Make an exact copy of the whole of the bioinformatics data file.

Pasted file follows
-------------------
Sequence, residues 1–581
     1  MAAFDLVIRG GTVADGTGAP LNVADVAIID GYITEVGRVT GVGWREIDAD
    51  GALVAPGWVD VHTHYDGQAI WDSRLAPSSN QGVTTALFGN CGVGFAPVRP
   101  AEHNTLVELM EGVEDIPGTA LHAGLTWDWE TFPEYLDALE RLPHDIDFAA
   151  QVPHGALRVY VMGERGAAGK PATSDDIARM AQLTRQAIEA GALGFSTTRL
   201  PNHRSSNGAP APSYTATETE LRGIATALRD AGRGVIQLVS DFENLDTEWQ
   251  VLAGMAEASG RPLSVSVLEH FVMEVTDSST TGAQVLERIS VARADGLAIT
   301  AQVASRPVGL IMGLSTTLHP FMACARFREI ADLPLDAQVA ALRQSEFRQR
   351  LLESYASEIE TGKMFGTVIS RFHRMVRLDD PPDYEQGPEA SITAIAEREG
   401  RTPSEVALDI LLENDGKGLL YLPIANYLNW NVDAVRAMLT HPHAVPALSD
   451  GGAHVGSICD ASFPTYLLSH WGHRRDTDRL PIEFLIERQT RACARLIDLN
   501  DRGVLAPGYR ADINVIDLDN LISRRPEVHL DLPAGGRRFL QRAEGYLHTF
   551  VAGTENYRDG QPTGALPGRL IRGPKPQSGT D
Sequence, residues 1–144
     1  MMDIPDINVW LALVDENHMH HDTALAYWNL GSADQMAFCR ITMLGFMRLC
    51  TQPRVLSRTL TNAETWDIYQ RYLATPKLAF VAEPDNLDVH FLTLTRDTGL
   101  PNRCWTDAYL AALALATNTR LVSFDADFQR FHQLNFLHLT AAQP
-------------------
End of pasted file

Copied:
Sequence, residues 1–581
     1  MAAFDLVIRG GTVADGTGAP LNVADVAIID GYITEVGRVT GVGWREIDAD
    51  GALVAPGWVD VHTHYDGQAI WDSRLAPSSN QGVTTALFGN CGVGFAPVRP
   101  AEHNTLVELM EGVEDIPGTA LHAGLTWDWE TFPEYLDALE RLPHDIDFAA
   151  QVPHGALRVY VMGERGAAGK PATSDDIARM AQLTRQAIEA GALGFSTTRL
   201  PNHRSSNGAP APSYTATETE LRGIATALRD AGRGVIQLVS DFENLDTEWQ
   251  VLAGMAEASG RPLSVSVLEH FVMEVTDSST TGAQVLERIS VARADGLAIT
   301  AQVASRPVGL IMGLSTTLHP FMACARFREI ADLPLDAQVA ALRQSEFRQR
   351  LLESYASEIE TGKMFGTVIS RFHRMVRLDD PPDYEQGPEA SITAIAEREG
   401  RTPSEVALDI LLENDGKGLL YLPIANYLNW NVDAVRAMLT HPHAVPALSD
   451  GGAHVGSICD ASFPTYLLSH WGHRRDTDRL PIEFLIERQT RACARLIDLN
   501  DRGVLAPGYR ADINVIDLDN LISRRPEVHL DLPAGGRRFL QRAEGYLHTF
   551  VAGTENYRDG QPTGALPGRL IRGPKPQSGT D
Sequence, residues 1–144
     1  MMDIPDINVW LALVDENHMH HDTALAYWNL GSADQMAFCR ITMLGFMRLC
    51  TQPRVLSRTL TNAETWDIYQ RYLATPKLAF VAEPDNLDVH FLTLTRDTGL
   101  PNRCWTDAYL AALALATNTR LVSFDADFQR FHQLNFLHLT AAQP